The Disconnected Discussion About Mental Illness And Mass Shootings
In the aftermath of tragedy, people often go searching for answers: How could this happen? Why did someone do this? Could this have been avoided? After 17 students and faculty members at Marjory Stoneman Douglas High School in Parkland, Florida were shot and killed on Feb. 14, 2018, people around the United States once again asked these questions. Gun policy quickly became central to discussions about finding answers, but the issue of mental health and the nation’s system for addressing rose to the top of the docket as well.
"This is a mental health problem at the highest level," said President Donald Trump at a news conference following the November 2017 mass shooting at a church in Sutherland Springs, Texas. He reiterated this position after the Parkland shooting, and in Feb. 23 remarks to the Conservative Political Action Conference, addressed both guns and mental health
"We don't want people that are mentally ill to be having any form of weaponry," Trump said. "We have to be very strong on that."
Along with Trump, other firearms advocates and elected officials made connections between gun access and mental health in the wake of the Parkland shooting.
"People who are crazy should not be able to get firearms," said National Rifle Association spokesperson Dana Loesch at a Feb. 22 town hall discussion in Florida hosted by CNN.
Speaker Paul Ryan, a Republican who represents Wisconsin's 1st congressional district, insisted that enforcement of laws related to firearms access and mental health, rather than new gun restrictions, is key to preventing gun-related tragedies.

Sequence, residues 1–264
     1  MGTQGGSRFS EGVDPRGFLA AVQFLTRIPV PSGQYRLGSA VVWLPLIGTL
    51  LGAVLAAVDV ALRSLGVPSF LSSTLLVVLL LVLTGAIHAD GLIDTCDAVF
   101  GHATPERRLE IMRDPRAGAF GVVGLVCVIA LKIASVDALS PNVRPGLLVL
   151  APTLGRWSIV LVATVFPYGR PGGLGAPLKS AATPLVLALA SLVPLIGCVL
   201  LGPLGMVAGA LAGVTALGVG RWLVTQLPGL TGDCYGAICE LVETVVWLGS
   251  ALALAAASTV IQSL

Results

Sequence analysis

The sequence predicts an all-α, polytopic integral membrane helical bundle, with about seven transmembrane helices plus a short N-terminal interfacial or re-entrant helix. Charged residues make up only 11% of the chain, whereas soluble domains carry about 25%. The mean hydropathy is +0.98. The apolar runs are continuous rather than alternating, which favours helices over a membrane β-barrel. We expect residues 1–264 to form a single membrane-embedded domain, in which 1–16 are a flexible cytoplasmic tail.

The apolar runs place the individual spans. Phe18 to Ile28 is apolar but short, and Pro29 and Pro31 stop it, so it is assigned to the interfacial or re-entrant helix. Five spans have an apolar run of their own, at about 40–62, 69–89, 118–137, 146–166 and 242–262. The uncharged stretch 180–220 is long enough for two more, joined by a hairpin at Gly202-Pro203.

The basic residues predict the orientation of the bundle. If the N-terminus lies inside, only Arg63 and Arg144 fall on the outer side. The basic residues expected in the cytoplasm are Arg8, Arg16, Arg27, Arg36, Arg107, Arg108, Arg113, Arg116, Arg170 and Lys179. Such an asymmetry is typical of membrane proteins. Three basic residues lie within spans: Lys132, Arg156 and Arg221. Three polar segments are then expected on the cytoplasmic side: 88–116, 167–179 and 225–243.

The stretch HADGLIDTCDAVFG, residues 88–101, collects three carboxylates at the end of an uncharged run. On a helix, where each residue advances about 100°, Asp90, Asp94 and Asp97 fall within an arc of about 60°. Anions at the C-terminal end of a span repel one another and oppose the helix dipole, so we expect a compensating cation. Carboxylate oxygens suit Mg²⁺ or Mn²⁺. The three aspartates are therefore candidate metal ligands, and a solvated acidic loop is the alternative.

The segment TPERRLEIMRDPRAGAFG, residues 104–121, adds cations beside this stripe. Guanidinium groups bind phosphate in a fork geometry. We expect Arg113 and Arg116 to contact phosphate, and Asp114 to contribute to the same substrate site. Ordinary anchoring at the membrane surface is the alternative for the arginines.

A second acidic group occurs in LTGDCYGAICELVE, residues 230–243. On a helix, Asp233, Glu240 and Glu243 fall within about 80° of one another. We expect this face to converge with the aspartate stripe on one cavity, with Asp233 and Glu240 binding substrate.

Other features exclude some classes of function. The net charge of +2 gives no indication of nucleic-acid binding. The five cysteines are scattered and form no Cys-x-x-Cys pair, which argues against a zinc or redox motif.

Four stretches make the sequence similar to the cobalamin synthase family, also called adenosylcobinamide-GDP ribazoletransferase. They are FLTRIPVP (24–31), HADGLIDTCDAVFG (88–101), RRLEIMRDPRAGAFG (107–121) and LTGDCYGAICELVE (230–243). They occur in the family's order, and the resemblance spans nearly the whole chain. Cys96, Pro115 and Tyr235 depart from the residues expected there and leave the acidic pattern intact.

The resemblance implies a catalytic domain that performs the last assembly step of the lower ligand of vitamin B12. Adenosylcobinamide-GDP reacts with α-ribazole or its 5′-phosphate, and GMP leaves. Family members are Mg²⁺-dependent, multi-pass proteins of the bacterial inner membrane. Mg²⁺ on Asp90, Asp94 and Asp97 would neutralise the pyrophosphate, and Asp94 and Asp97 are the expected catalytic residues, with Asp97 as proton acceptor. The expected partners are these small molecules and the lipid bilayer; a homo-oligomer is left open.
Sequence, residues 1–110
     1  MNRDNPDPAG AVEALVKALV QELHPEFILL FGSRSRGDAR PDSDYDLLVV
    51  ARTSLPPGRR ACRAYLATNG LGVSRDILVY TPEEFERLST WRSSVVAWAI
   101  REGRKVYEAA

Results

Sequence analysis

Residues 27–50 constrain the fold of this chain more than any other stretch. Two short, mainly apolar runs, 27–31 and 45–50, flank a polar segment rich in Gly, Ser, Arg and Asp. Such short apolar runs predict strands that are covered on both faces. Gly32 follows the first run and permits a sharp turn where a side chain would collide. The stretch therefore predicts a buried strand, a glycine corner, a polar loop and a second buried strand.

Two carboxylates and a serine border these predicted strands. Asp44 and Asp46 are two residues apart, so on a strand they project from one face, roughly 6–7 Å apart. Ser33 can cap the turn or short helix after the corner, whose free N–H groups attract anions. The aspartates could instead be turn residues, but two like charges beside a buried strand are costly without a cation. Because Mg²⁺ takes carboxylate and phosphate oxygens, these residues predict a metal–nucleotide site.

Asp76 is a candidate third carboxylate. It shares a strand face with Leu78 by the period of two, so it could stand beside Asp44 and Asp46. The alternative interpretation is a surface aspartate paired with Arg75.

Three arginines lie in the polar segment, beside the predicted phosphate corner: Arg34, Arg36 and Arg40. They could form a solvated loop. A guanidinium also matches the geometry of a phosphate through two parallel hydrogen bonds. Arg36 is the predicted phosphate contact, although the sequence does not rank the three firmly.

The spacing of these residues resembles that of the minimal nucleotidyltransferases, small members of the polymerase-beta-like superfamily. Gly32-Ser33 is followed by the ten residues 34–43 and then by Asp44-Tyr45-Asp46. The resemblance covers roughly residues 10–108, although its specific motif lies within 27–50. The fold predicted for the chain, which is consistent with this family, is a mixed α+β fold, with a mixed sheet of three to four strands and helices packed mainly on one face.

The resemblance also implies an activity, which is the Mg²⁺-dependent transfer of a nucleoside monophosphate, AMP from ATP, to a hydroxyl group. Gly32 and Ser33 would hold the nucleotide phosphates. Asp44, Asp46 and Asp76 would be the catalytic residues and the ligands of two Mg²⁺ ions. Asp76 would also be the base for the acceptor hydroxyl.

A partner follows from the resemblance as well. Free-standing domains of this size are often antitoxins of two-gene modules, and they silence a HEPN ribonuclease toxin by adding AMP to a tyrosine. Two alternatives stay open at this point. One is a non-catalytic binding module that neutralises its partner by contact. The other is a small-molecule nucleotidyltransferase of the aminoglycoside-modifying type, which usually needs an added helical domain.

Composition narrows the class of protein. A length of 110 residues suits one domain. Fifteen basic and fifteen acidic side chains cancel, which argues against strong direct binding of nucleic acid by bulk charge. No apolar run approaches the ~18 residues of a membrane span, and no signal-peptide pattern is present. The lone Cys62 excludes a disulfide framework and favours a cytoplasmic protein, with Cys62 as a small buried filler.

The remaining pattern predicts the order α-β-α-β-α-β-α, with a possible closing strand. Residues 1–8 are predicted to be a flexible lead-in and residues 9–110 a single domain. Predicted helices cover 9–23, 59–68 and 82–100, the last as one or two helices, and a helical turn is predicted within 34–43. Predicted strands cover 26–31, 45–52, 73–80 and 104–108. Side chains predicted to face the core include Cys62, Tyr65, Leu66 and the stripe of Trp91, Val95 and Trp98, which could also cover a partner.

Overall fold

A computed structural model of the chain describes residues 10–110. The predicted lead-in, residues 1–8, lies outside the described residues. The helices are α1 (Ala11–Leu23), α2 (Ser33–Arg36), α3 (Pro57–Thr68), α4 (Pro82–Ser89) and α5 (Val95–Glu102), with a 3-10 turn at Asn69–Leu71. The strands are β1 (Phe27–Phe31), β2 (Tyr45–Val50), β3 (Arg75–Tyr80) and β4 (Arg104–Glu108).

"We have to make sure that people who are mentally unstable — and we just passed a recent law on this — don't have the ability to go do this," said Ryan Feb. 24 at a Republican Party event in Pewaukee. He made similar comments following the October 2017 massacre in Las Vegas.
In Wisconsin, the state Department of Justice is required to report information on individuals barred from owning firearms to the National Instant Criminal Background Check System. That includes people with "mental health commitments where the individual is found to be a danger to self or public safety," those in "treatment for and commitment of an individual incapacitated by alcohol or suffering from alcoholism," "individuals who have a guardian appointed for them," or those with a protective services placement or placement order, according to the Giffords Law Center to Prevent Gun Violence, a national policy group in support of increased gun regulation.
However, as noted by Politifact Wisconsin, the aforementioned requirements only account for a small portion of people with mental illness, and don't cover those who might become violent but are not diagnosed.
Governor Scott Walker issued a statement following the Parkland shooting that likewise cited mental health. "We have already put new funding in the state budget for mental health services in our schools after hearing about concerns from superintendents, principals and teachers at listening sessions across the state," he said.